My point today, on Earth Day, is that it doesn't matter if meat-based eating is good or even best for human health. It doesn't work in modern context. We can't have our population in excess of 7 billion, and eat our daily side of beef, too.
Since my new book Thrive is concerned with many of the same questions, I asked Tolle about the series, why this is a conversation we as a society need to have now, and the moment he knew he needed to change his life. Here's our conversation.
Perhaps it's time to establish some basic "Rules of Civility" for technological use. These are circumstances in which you will absolutely, positively damage your relationships if you are on your phone.
I believe that young girls need to learn how to perceive and react to social media, pop culture and entertainment in a more positive way. This isn't taught in schools, and I highly doubt that our parents can honestly understand social media to understand its effects.
If we continue to allow the taste of our food to be homogenized through the use of added sugar, we will not only rob ourselves and future generations of a vast and diverse culinary tradition, but an integral part of our human experience.
I found out it was like to hold a living heart and liver, still warm, in your hands, and to see the heart being sewn back into another person. I discovered what it feels like to stay at the hospital until it is nearly almost empty, but still have the energy to call your mother bursting with excitement.
The worst thing you can imagine happens someday. And what do you do? Maybe you think you can't go on or you won't make it. But then you do go on, you do make it. Because what are the other options?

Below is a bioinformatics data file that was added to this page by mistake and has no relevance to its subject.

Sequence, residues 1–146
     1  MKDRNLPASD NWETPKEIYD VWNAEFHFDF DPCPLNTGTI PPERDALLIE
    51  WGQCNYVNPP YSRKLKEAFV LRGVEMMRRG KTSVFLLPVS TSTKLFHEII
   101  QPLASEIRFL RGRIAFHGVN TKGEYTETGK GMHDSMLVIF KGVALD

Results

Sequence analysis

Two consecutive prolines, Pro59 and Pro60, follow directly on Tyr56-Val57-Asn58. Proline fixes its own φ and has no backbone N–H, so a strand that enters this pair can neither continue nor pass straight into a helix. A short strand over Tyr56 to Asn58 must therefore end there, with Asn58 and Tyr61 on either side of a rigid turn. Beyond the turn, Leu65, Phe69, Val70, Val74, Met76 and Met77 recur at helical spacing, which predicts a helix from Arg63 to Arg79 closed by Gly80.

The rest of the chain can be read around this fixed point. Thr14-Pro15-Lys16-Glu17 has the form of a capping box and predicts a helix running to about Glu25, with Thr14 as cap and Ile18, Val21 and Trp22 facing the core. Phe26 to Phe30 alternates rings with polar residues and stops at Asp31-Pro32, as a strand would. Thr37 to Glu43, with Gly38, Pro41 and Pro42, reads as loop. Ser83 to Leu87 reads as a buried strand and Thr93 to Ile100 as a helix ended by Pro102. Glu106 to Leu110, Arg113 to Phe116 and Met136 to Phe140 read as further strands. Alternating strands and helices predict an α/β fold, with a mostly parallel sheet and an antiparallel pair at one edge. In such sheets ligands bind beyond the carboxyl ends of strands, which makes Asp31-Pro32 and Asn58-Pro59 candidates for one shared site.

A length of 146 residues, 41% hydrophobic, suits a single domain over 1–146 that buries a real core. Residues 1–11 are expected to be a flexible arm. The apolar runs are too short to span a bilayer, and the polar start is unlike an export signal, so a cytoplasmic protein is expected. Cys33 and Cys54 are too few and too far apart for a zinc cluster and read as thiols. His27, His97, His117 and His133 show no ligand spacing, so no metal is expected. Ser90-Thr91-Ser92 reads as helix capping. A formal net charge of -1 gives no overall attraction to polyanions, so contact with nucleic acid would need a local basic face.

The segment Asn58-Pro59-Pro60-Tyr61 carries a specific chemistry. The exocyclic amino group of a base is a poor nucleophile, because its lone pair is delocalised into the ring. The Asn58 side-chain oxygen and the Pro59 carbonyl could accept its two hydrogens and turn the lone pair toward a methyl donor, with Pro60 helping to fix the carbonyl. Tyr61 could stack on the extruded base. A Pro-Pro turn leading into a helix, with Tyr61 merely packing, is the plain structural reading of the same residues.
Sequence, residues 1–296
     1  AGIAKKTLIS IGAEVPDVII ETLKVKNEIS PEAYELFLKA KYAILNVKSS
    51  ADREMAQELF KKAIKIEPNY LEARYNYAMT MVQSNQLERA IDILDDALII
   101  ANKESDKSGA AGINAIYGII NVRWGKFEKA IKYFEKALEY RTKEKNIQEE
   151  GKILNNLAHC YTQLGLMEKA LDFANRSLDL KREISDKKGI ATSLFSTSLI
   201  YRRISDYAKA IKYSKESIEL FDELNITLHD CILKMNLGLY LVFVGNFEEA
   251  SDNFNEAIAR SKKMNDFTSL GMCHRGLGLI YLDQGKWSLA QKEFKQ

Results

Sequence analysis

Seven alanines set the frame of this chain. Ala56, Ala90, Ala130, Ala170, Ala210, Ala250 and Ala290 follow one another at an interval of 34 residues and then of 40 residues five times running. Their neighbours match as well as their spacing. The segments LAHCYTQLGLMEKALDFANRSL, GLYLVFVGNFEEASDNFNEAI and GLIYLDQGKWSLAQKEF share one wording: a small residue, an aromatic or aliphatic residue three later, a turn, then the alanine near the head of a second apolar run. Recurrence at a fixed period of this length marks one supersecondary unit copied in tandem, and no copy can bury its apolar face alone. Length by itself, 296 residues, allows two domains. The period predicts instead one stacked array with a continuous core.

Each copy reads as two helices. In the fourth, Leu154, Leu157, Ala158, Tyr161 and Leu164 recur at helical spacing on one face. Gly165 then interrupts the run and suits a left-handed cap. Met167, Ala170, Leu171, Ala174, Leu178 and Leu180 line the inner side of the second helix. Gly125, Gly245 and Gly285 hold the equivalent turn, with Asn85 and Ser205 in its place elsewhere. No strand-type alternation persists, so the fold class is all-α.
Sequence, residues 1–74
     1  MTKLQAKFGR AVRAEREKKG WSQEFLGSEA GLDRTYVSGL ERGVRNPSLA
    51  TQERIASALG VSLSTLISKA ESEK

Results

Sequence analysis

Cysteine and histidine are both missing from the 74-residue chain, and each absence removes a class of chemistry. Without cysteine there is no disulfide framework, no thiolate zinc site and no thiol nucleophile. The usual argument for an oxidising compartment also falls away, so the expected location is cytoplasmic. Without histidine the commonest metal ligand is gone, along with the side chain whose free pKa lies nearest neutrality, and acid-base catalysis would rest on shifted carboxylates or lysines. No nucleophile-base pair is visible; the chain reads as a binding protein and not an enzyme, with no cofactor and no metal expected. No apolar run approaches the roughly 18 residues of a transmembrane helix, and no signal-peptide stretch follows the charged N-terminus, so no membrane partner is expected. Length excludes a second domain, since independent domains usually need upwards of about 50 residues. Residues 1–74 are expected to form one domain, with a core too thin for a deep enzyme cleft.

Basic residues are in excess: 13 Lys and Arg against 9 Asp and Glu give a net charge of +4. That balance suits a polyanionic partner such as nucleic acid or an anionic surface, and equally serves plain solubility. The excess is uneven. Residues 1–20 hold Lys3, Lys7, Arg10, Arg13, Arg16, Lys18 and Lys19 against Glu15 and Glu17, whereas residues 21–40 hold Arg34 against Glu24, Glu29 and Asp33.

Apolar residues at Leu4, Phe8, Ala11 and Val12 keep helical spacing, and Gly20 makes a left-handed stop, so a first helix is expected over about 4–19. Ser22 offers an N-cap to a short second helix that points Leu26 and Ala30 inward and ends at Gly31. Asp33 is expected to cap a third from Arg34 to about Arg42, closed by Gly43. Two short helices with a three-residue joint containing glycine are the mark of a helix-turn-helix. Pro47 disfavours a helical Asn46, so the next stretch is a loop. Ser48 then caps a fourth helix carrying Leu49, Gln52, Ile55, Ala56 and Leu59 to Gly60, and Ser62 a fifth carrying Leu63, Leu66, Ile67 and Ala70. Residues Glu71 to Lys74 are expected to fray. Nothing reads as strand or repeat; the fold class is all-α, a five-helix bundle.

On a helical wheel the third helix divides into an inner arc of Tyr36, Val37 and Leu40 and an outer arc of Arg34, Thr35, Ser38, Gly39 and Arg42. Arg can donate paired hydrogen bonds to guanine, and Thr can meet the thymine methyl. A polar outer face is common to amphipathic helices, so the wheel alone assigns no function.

So now that you are a rice connoisseur, you know that not all rice is created equal. And just like fruits and vegetables, you should eat your rainbow of rice to ensure you get all of the macro-, micro- and phytonutrients rice has to offer!
Sleep deprivation is as important a national health issue as obesity and needs to be addressed as such.
The responsibility falls on each one of us to evaluate and decide how much risk we are willing to take on in order to reap the potential rewards of our actions.
What makes today, right now, opportune for realizing the hopes of 50 years ago is that states and counties no longer can afford to sustain the dysfunctional and costly medical, social and correctional services that have evolved.
One fact I know for certain is that 12-step meetings teach you patience. The typical meeting gathers people struggling with many substances, people with mental health issues, and people who might be in the early hours of their recovery. Learning to sit still for 90 minutes, while allowing others to share, vent, cry and inspire has been a skill that I can use in many other parts of my life.
The very granular strategy of choosing foods with shorter ingredient lists allows for cutting out many superfluous grains of salt by way of improving overall nutritional quality. There should be no controversy in that.
It is extremely challenging to get service members (and others) to get treatment for the symptoms of PTSD with the negative connotations people already heap atop mental illness, let alone with the insinuation that these people are somehow killers in waiting.
While there are strong arguments for the games' unique potential as vehicles for a deep, experiential understanding, it is our experience that these kinds of mental health games tend to polarize.
Last week I went to a presentation by Robert Whitaker, author of Anatomy of an Epidemic: Magic Bullets, Psychiatric Drugs, and the Astonishing Rise of Mental Illness in America. Having spent a lot of time in the pharmaceutical trenches, I think my perspective on psychiatric meds is a little different from his, but there were two things in particular that impressed me.
The new HHS Secretary will have a lot on her plate in 2014. It is my hope that with her unique skill set, Ms. Burwell will address this vital and most glaring health disparity among the poorest of the poor in the southern United States.
We as individuals can invest in our careers by investing in ourselves. By identifying and prioritizing the things that keep us healthy, grounded and fulfilled we ensure consistent, long-term achievement and a life of success.